Step 1 is a good foundation for the next couple of steps.
Step #2: Reduce your expenses!
This means you save more of your money, and there are plenty of ways to do this that span a variety of current spending habits you might have. Here are a few of my favorite ones:
- Cut the cord! If you have cable, get rid of that and go with just internet and some streaming service like Sling for live TV, or Hulu, Amazon Prime, and Netflix for a bunch of other great content. But be careful to not go overboard here because the streaming services do actually add up to where you might be back to paying the same price as cable!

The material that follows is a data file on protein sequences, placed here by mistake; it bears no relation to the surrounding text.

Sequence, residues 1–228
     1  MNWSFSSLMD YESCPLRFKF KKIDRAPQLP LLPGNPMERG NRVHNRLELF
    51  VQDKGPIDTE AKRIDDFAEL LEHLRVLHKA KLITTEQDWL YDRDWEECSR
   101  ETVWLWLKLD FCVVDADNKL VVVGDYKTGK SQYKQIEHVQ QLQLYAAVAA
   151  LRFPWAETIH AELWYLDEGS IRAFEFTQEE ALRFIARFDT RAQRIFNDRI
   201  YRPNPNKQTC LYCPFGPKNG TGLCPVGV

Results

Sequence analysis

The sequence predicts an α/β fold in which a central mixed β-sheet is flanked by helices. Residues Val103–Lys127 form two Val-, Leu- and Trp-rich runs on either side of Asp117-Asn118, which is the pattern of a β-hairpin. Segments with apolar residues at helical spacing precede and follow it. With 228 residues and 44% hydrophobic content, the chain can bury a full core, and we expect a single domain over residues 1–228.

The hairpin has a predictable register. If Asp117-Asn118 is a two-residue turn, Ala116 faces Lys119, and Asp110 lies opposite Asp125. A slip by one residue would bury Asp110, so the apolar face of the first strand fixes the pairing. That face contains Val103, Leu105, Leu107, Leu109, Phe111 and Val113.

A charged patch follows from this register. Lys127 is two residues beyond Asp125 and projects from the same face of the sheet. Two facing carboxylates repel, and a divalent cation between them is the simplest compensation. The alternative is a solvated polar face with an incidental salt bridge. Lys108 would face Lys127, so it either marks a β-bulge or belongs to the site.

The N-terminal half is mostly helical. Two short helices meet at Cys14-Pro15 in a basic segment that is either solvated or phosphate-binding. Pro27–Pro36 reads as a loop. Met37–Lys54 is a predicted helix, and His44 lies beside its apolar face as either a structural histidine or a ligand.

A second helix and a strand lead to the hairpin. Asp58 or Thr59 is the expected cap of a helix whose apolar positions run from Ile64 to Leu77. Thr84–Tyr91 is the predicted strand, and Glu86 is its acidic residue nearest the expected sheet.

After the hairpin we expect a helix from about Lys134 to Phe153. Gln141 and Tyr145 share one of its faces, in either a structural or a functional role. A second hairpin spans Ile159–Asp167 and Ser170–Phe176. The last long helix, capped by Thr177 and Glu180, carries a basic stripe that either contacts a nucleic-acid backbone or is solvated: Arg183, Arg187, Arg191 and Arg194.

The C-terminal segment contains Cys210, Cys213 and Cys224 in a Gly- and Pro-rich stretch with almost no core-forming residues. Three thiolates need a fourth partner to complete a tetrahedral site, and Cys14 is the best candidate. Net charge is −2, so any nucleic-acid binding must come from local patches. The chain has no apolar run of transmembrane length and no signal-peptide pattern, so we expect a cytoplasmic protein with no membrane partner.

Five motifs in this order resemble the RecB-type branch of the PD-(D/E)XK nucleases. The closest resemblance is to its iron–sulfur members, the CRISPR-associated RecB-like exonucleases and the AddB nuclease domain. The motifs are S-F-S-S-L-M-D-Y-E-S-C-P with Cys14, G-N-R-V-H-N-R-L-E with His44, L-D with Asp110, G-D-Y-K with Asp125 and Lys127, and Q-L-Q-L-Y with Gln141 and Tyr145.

- If you use a food delivery app like Uber Eats or Door Dash, skip it and pick up the food yourself! Of course, there’s an upcharge for the convenience of having food delivered, but in some cases, that upcharge can be quite extreme and add up over time. In one instance, I would’ve spent almost 40% more through Door Dash compared to ordering directly and picking it up myself. Call me cheap (I prefer the term frugal), but for a quick 30 minute trip, this is like making $10 bucks just for the slight inconvenience. Think of life before these food delivery apps. Better yet, cook a meal and eat in! That’s often much cheaper.